Your Local Council should have a Tenancy Relations Officer, Private Rental Team or Landlord Liaison Officer. This person or team at the council will help you if the landlord:

  • Doesn’t repair potential harmful problems of the house
  • Threatens to illegally evict you
  • Harasses you, for example by visiting you outside the agreed days and times / not giving enough notice to enter the property

In these cases, they’ll be able to attempt to make contact the landlord and inform them of their legal obligations.
If the landlord ignores this advice, they may be able to prosecute them.
This way, your landlord will obtain criminal record and they might be forced to pay you compensation.

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4. Complain to the Health Department

If your complaint concerns a health or safety issue you can also file your complaint to the Environmental Health Department of your Local Council. Contact the Environmental Health Department if you face any of the following problems:

  • Faulty or leaky gas appliances
  • Dangerous electrical wiring
  • Leaky roof
  • Damp or mould growth
  • Problem with heating or hot water
  • Lack of water supply
  • Various infestations like that of rats
  • Lack of fire safety

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5. Alternative Dispute Resolution (ADR)

Before deciding to take legal action against your landlord, make sure if they belong to an Alternative Dispute Resolution scheme. ADR includes negation, mediation, and arbitration.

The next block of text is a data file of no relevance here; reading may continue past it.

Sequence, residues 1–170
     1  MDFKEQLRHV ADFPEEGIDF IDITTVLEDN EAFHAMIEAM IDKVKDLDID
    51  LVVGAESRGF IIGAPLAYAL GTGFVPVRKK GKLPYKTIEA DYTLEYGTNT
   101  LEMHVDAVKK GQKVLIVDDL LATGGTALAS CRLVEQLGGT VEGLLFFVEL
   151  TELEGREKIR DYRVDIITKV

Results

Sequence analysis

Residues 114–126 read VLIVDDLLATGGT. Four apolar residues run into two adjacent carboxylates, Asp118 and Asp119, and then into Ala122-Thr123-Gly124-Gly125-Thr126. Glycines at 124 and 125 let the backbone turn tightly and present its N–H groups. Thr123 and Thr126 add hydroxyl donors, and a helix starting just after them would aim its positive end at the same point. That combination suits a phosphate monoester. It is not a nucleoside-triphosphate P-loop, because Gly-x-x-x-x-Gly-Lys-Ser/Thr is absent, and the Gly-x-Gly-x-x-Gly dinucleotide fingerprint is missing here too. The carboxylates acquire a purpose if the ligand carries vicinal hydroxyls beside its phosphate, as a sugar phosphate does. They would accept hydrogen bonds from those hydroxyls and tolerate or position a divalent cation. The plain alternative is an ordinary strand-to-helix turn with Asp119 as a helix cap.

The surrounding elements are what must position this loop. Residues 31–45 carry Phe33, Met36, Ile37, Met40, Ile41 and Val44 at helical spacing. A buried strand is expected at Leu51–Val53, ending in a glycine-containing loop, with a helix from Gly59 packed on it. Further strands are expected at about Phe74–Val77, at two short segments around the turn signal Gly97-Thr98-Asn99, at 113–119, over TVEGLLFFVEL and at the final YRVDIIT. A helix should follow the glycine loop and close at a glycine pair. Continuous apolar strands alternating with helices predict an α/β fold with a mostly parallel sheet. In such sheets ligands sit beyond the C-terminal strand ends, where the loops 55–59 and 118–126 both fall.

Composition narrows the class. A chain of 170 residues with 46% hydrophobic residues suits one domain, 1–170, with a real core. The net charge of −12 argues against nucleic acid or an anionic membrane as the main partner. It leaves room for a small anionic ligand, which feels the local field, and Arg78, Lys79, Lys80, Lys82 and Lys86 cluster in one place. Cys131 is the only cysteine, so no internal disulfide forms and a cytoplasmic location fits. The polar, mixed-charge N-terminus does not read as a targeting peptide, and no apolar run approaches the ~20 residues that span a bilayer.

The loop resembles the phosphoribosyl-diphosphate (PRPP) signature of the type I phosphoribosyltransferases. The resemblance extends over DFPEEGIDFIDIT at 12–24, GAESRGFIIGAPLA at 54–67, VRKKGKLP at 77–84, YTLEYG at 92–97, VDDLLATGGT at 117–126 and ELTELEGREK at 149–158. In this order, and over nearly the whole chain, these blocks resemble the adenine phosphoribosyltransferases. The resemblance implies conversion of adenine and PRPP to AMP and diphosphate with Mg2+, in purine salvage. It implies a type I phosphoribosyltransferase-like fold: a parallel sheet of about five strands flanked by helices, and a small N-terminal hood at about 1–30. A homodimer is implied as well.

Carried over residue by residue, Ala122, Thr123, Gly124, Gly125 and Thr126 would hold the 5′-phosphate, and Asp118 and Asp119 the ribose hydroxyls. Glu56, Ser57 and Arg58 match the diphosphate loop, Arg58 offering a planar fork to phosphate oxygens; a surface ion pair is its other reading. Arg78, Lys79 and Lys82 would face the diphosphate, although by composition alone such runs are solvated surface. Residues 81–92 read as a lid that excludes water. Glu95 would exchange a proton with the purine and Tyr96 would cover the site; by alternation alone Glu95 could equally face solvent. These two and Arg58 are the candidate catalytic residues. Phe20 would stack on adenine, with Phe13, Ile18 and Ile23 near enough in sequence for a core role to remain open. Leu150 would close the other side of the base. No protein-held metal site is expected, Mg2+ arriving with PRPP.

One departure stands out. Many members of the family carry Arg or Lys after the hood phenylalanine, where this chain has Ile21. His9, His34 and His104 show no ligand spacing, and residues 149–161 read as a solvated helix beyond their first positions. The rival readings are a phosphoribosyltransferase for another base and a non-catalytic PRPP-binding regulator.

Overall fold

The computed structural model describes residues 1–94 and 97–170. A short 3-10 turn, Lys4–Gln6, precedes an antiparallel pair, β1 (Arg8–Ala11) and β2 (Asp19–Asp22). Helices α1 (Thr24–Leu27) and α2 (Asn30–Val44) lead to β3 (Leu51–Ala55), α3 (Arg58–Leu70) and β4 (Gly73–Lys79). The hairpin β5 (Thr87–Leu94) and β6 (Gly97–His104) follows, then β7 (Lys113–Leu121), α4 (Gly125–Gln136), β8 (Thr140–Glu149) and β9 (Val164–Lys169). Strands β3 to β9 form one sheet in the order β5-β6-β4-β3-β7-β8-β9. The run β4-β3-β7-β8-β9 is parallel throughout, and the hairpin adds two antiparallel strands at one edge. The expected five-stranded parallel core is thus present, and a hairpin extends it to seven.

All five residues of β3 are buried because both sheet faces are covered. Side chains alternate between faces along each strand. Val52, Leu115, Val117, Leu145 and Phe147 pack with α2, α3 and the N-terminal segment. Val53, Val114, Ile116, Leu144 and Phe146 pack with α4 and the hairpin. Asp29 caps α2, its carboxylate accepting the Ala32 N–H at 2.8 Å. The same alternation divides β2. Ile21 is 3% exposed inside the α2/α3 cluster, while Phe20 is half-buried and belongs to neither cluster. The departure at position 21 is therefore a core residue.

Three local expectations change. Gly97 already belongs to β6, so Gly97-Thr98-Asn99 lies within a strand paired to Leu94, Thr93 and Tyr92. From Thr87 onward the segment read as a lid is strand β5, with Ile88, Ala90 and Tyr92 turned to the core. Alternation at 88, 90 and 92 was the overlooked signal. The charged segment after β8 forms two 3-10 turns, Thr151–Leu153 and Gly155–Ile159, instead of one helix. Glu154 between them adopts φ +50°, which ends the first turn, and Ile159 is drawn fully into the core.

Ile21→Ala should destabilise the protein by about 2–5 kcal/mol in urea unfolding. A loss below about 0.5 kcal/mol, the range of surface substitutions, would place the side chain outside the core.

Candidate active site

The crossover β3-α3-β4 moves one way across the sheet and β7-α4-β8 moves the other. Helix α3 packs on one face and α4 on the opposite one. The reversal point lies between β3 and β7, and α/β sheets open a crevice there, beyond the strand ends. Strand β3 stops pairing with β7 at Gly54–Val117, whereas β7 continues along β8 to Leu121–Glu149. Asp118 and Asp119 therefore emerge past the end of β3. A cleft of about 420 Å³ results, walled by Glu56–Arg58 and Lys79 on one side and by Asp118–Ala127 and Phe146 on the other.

In the negotiation phase, you (the tenant and the landlord) try to find a solution yourselves

In the mediation phase, you will sit with your landlord along with a neutral third party and each one of you will lay their arguments. The third-party will then advise you and inform you of your rights and responsibilities

In the arbitration phase, you and your landlord will sit in an informal court. The arbitrator, adjudicator, or ombudsman will look at the evidence that both of you provide him and he will make a decision on your complaint 

If the ADR doesn’t work for you, there only one option left: take legal actions. However, this is a time-consuming and expensive process, so make sure that you are willing to spend both time and money.


6. Tenancy Deposit Protection (TDP)

If your complaint about your landlord concerns your deposit, then you should seek the advice of your Tenancy Deposit Protection scheme. These are specialised companies, licensed by the government, that oversee the process of deposit returns.   

You can find your TDP scheme in one of the three companies:

In case your landlord hasn’t chosen one of those schemes, in a court case the landlord will have to pay up to three times the deposit amount.


Whether your complaint is a small or a big one, there are solutions and processes for you to follow. Remember that before taking serious actions, you can always get in touch with your landlord, in order to find the best and easiest solution. 

However, what you can do right away, in order to help all the future tenants, is to write a review of your landlord. By sharing your experience, future tenants will be able to identify the good landlords from the bad.